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Stance Quantified in Real World Scenario: Changes in Knee Joint Kinematic between Shod and Barefoot Running | OMICS International | Abstract
ISSN: 2329-910X

Clinical Research on Foot & Ankle
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Research Article

Stance Quantified in Real World Scenario: Changes in Knee Joint Kinematic between Shod and Barefoot Running

Gurtej Grewal1*, Mary Lou Bareither3, Matthew Walthers2, Jacqueline Lee-Eng1, Ruben Goebel4 and Bijan Najafi1
1Interdisciplinary Consortium on Advanced Motion Performance (iCAMP), University of Arizona, College of Medicine, Tucson, Arizona, USA
2Department of Physical Therapy, University of Illinois at Chicago, Chicago, IL, USA
3Department of Kinesiology and Nutrition, University of Illinois at Chicago, Chicago, IL, USA
4Sport Science Program, Qatar University, Doha, Qatar
Corresponding Author : Dr. Gurtej Grewal, PhD
Interdisciplinary Consortium on Advanced Motion Performance (iCAMP)
University of Arizona, College of Medicine
1656 E Mabel Street, Tucson, AZ 85724, USA
Tel: 520333 7920
E-mail: [email protected]
Received April 22, 2014; Accepted May 28, 2014; Published June 07, 2014
Citation: Grewal G, Bareither ML, Walthers M, Lee-Eng J, Goebel R, et al. (2014) Stance Quantified in Real World Scenario: Changes in Knee Joint Kinematic between Shod and Barefoot Running. Clin Res Foot Ankle 2:143. doi:10.4172/2329-910X.1000143
Copyright: © 2014 Grewal G, et al. This is an open-access article distributed under the terms of the Creative Commons Attribution License, which permits unrestricted use, distribution, and reproduction in any medium, provided the original author and source are credited.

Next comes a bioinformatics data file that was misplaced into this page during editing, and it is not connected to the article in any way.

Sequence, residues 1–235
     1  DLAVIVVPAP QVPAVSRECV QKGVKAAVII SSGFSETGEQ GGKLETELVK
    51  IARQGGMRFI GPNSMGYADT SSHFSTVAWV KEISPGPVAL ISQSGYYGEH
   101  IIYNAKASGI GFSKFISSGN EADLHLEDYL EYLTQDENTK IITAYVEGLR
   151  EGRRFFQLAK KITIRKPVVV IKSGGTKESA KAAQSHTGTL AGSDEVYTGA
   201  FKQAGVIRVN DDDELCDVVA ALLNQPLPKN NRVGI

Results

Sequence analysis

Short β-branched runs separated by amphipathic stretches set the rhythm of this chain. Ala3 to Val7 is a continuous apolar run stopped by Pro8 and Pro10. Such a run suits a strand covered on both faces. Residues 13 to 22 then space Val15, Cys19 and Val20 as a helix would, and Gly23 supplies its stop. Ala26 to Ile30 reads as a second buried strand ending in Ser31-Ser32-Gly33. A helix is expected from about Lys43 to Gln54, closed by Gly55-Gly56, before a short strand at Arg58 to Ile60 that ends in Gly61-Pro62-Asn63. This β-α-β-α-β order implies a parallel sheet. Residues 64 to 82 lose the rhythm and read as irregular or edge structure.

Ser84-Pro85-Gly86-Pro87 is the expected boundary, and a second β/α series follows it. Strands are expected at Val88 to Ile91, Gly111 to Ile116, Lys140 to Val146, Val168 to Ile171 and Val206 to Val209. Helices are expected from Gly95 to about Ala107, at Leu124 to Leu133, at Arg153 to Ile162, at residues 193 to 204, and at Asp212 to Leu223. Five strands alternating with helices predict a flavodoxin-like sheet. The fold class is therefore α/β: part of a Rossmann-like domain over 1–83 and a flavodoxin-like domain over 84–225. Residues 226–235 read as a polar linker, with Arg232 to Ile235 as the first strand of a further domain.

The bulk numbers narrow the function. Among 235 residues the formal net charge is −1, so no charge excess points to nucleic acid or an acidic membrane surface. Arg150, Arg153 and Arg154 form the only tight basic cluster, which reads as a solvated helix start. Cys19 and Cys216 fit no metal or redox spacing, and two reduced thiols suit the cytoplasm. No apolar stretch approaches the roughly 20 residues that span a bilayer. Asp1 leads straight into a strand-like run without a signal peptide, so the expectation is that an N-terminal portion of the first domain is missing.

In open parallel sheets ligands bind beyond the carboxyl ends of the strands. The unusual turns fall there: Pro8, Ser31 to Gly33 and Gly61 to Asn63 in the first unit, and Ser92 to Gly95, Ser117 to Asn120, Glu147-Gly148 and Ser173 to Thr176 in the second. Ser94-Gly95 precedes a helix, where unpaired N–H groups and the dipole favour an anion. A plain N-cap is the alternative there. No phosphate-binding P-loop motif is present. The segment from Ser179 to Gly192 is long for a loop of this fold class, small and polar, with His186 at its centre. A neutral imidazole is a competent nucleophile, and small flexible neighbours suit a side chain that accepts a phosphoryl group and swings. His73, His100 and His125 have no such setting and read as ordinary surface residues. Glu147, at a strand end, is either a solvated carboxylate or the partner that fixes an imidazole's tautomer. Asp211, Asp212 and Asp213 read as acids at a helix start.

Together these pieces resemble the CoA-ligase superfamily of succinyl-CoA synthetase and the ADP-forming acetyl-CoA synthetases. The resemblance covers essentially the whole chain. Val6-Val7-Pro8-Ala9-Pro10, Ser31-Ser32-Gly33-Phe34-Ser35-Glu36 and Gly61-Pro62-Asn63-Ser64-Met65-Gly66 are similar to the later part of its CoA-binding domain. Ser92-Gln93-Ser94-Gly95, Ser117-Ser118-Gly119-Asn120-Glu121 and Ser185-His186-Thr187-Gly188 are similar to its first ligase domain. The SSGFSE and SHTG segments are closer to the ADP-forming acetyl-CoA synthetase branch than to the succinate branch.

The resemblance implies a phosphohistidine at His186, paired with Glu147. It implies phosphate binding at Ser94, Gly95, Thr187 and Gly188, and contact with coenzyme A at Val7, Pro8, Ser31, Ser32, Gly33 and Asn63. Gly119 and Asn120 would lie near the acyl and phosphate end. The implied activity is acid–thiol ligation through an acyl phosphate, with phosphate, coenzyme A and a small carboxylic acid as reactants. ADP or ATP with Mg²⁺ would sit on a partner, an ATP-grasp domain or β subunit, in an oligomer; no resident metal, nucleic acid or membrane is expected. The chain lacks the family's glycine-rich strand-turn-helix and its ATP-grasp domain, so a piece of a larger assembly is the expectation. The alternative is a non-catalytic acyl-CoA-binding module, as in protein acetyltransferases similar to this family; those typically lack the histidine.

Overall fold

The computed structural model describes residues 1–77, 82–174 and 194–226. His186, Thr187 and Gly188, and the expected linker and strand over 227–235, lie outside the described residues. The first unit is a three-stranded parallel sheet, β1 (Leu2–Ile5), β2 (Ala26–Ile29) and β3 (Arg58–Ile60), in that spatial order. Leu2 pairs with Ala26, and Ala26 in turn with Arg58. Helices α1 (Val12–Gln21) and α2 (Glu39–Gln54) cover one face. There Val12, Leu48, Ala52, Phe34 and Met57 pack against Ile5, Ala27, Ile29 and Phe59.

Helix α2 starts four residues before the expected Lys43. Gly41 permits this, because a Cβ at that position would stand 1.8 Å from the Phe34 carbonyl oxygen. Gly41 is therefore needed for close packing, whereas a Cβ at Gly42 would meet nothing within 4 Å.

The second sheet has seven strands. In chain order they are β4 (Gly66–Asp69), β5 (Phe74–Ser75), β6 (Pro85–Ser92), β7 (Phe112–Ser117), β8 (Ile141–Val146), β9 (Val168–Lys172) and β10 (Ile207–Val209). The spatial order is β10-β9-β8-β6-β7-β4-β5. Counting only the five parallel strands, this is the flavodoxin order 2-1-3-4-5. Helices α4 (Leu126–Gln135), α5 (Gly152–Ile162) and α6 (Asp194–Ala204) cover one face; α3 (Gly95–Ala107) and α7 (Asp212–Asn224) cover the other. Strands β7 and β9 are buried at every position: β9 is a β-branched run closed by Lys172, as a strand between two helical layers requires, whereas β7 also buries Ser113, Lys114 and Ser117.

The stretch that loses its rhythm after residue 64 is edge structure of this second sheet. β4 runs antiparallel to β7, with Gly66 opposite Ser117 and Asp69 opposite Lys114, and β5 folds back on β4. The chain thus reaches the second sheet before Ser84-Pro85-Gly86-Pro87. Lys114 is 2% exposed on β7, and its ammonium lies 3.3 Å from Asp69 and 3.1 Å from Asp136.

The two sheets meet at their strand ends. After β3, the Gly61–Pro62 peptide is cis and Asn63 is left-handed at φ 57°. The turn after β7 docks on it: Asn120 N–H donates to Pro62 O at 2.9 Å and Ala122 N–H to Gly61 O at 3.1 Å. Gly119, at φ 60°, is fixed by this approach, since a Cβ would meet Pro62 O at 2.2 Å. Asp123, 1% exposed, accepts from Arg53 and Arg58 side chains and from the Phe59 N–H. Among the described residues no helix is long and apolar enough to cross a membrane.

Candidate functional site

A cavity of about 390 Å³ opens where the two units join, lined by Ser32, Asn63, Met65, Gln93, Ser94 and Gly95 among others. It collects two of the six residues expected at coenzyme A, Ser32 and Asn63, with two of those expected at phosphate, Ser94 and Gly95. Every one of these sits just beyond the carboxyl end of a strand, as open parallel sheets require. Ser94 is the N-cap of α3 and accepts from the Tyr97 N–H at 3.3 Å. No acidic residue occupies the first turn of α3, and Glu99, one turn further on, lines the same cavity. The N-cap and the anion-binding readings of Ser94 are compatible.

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Abstract

Background: Barefoot running has been reported to cause favorable biomechanical changes during running. However, knee joint kinematics changes in stance phase during different running conditions in out of laboratory setup has not be explored. The aim of this study was to evaluate three dimensional changes in knee kinematics among habitual shod runners outside of gait laboratory during shod and barefoot running.

Methods: Using unobtrusive body-worn sensors mounted to anatomical segments, kinematic data were acquired in twelve healthy young individuals (Age 22.5 ± 2.2 years, BMI 21.4 ± 2 Kg/m2). Several kinematic parameters were compared between shod and barefoot running including three dimensional knee joint range of motion, tibia internalexternal rotation, knee medial-lateral impact, stride time, flight time, contact time and shock propagation time.

Results: With no significant difference (p=0.21) in running speed between the two trial conditions, significant reduction (6.4%, p=0.005) in flexion-extension range and increase (8.4%, p=0.0001) in internal-external rotation range of knee joint was observed from barefoot running. The knee joint Varus-valgus range of motion and impact was not influenced (p=0.88) by running condition. A significant increase of tibia rotation, shock transmission time (27%) from tibia to sacrum was observed (p=0.009) along with changes in gait cycle time and flight time (p<0.05).

Conclusion: The current study using body-worn sensors explored three dimensional changes in knee joint kinematics during stance phase under different running conditions in an out of laboratory environment. The results suggest that in habitual shod runners transiting to barefoot running can have negative impact from significant increase in range of internal-external rotation of knee joint and tibia. Future research studies are warranted in a larger sample size to confirm the findings.

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